This singletrack Edgar Evans Loop within Edgar Evins State Park combines the Millennium Trail (2.5 miles) and the Merritt Ridge Trail (5.5 miles) for an eight-mile loop in one of the park’s least traveled sections. Though it’s not terribly long, this loop packs a punch with just under 2,000 feet of elevation gain, all earned in a series of rolling (and occasionally steep) hills. Much of this route hugs the high banks of Center Hill Lake, so you can enjoy the picturesque waterfront as you pick your way along this heavily vegetated path.

3. Window Cliffs Trail

 
 
 
 

 
 
 
 
 
 
 
 
 
 
 

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At about three miles each way, this out-and-back trip on the Window Cliffs Trail deposits runners and hikers at the Window Cliffs, one of the absolute coolest geologic formations in the Southeast. These natural limestone bridges rise 200 feet above Caney Creek and were formed by heavy erosion in the long, narrow ridge. What this trail lacks in distance it makes up for with about nine creek crossings each way. While it’s possible to grasp cables or hop across rocks and at many of the crossings, you should expect to get your feet wet on this trail. Also, note that you shouldn’t attempt to hike this trail during or after heavy rain.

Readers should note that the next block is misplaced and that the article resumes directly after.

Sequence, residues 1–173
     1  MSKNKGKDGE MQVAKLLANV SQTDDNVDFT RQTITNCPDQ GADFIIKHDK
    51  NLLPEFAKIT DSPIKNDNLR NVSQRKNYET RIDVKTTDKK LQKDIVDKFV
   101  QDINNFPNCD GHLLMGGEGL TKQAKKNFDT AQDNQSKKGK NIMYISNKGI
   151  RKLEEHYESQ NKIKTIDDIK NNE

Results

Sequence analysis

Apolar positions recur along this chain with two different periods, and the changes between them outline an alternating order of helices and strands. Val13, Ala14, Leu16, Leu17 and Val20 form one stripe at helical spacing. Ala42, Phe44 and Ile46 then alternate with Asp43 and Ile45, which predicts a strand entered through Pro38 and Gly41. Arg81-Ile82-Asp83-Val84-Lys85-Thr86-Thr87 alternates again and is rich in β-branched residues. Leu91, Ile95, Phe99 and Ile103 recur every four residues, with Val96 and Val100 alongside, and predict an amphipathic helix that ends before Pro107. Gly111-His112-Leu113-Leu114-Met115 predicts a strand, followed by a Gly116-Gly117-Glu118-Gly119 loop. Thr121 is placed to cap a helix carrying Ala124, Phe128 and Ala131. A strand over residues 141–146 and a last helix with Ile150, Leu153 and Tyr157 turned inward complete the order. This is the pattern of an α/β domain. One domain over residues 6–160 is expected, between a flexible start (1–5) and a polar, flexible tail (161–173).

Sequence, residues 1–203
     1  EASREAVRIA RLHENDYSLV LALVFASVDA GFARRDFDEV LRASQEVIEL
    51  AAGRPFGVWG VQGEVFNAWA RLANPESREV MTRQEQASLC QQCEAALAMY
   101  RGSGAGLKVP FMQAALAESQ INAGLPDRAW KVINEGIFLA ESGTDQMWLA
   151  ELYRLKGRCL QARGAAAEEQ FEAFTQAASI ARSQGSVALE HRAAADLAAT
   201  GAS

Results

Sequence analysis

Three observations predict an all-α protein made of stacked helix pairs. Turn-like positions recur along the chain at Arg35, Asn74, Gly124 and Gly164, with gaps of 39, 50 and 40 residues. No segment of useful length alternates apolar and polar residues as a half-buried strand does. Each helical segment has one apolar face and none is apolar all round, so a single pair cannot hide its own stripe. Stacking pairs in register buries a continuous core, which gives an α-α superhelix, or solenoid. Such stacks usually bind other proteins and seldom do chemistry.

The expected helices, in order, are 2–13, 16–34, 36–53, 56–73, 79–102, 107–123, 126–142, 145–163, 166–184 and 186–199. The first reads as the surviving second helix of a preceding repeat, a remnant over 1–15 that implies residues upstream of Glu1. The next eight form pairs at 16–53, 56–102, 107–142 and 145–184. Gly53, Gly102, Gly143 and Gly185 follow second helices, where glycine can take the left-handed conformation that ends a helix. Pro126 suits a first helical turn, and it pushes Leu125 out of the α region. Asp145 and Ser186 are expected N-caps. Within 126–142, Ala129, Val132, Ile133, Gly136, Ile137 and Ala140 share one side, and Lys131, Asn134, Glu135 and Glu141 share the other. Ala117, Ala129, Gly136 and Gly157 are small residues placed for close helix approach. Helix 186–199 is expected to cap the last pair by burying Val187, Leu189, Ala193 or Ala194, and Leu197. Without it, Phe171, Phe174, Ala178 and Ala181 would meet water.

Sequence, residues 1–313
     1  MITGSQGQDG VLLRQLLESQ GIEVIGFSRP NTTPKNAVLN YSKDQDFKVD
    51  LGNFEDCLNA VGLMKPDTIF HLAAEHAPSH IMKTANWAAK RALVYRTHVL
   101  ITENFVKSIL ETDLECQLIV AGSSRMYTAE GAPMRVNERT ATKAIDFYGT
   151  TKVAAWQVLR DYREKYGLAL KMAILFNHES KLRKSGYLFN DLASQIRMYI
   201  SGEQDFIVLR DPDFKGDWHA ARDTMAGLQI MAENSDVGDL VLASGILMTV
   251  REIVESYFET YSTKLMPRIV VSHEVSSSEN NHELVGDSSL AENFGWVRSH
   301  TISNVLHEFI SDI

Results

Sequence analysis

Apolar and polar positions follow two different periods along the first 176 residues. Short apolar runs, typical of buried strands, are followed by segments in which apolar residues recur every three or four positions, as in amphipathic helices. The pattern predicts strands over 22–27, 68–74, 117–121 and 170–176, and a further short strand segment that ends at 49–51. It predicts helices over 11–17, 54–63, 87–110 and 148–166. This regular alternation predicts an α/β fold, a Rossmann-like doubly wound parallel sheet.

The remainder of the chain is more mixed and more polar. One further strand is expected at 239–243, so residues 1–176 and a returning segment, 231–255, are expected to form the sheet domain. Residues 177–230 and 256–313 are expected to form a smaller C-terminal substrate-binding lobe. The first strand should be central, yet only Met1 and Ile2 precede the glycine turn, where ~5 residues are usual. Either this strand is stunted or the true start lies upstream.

Road Cycling

 
 
 
 

 
 
 
 
 
 
 
 
 
 
 

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4. Phifer Mountain Loop

There are many ways to experience the beautiful, hilly backroads of the Phifer Mountain area, but one of the best options is to ride the taxing 13-mile lollipop loop that begins and ends at Mill Creek Baptist Church. This route has about 900 feet of ascent and utilizes quiet mountain farm roads for a true Tennessee cycling experience.